I finally picked up my running log for 2013. Luckily, I found one at Barnes and Noble, so I didn't have to send away for one like last year. Yep, it's a real live grab-the-pen and write in it log. And yep, I know there are a multitude of websites where I can log and track my miles (in fact, I use one: dailymile.com). I simply prefer the written log for several reasons.
First, I'm an old school kind of guy. I began running in 1966 and on my first day of cross country practice, Coach Pingel said, "log your miles." So, I did. I've put logs on lined paper, self designed calendrical formats (calendrical..... like that one?), and pretty much every major log ever published in the running world. My preference is The Runner's Diary, designed by Matt Fitzgerald. I like the ease of writing a workout and the subsequent ease of reviewing them as well. There is plenty of room to pontificate the virtues or flaws for any given workout and pages for goals, progress, pace charts and more.
One of the driving forces behind my running is the connection of me to my planet. Maybe it's a kinesthetic thing. I like the actual act of running, the doing it. As a result, I like to actually write about my runs. Pen to paper. What a concept.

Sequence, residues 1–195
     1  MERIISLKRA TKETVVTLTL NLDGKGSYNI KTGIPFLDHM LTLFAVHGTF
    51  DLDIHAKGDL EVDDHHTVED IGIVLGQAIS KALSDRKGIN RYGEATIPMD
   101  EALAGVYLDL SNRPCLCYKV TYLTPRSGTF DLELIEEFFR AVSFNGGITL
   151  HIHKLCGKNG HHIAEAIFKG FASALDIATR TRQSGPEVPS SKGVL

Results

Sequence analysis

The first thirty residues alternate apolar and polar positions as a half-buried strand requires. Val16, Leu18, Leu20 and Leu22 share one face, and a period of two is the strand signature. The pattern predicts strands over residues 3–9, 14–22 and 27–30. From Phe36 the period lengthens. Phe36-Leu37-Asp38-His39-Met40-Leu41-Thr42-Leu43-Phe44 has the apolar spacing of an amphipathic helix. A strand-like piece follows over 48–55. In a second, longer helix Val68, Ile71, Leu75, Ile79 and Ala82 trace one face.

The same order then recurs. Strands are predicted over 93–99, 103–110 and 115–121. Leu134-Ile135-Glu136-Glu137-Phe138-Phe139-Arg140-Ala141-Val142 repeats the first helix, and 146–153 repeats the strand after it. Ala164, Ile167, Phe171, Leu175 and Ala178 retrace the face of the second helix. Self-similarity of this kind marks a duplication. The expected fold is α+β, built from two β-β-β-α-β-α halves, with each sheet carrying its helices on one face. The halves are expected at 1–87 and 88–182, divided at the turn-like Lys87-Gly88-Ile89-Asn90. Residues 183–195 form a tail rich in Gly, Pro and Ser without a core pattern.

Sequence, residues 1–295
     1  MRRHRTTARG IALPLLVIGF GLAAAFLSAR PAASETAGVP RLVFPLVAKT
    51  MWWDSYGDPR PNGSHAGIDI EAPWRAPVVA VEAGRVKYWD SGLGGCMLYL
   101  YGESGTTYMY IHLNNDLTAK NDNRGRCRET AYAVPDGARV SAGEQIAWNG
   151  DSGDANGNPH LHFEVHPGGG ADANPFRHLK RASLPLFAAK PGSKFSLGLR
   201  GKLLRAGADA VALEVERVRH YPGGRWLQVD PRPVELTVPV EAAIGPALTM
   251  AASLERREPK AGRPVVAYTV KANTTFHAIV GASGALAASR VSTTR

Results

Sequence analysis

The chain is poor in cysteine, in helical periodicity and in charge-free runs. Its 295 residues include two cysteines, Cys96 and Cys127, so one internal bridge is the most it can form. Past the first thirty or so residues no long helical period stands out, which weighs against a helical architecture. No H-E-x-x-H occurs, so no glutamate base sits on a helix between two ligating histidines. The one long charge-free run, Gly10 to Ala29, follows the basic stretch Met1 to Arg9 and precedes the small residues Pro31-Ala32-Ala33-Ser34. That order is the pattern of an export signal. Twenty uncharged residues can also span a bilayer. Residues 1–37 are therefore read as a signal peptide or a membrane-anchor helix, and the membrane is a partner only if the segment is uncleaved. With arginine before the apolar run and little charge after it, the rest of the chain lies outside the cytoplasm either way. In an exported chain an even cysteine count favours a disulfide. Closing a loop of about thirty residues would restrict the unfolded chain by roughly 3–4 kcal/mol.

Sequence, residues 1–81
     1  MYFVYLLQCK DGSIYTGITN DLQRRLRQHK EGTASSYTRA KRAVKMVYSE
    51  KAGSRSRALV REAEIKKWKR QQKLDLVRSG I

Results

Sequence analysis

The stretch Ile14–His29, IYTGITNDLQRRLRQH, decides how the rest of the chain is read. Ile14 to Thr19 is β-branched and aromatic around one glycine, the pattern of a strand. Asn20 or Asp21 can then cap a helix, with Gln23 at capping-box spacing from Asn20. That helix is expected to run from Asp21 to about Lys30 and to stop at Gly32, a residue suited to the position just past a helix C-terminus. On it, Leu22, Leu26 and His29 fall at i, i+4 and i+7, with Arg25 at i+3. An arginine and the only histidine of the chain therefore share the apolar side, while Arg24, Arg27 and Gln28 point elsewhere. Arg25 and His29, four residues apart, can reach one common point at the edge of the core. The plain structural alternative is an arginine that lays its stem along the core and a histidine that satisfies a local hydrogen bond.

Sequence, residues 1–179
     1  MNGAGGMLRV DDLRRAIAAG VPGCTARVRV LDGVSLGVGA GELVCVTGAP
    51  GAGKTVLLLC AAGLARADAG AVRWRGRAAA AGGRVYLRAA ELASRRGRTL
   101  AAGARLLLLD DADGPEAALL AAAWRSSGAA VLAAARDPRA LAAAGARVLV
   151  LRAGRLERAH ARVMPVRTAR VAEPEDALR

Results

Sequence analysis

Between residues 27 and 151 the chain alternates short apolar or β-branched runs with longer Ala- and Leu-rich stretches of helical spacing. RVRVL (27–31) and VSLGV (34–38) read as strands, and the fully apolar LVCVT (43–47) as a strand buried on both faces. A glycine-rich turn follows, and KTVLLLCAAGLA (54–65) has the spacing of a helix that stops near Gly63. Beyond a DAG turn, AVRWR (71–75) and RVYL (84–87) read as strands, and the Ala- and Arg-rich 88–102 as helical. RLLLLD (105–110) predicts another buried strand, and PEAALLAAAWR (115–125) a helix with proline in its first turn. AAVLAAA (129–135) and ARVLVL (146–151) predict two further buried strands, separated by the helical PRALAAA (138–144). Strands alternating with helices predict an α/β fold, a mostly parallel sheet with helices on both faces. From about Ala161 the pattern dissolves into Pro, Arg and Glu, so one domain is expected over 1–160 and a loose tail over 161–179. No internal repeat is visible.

I like the privacy of my log. Fitzgerald calls it a "diary," and some days it reads very much like the musings of a heart-broken or extremely smitten teenage girl. I get to ramble, praise, criticize, and rant to my heart's content. And..... like I said, I get to write. And Lord only knows, in this 21st century most humans handwriting has gone to hell in a hand basket from lack of use. On dailymile.com, much like other forms of social media, anyone can read my postings, so I tend to be a little more guarded. "Just the facts, ma'am, just the facts." In my log, I can let loose.
More than privacy, I have concerns about the Daily Mile's (and any other website's) longevity. What happens if they fold tomorrow? Where do my workouts go? I know that if Facebook dies tomorrow, I'll still have friends and still have pictures. I won't lose the content of my life. I will survive. But lose my workouts? No, not willing to risk that!
Mostly I enjoy using my log to reflect back on my running. I can trace progress prior to a race, see where I overtrained, relive the fast days. It's fun to look back and see entries like: "10 miles easy, 57 minutes."
Reflecting on my running is, in many ways, reflecting on my life. Having chronicled forty-six years of an activity gives me wonderful insight when it comes to the years gone by. I can read the highs, the lows, and everything in between. It has become, maybe, a snapshot of a life on planet Earth.
So, I was excited to catch up this morning. And excited to look ahead.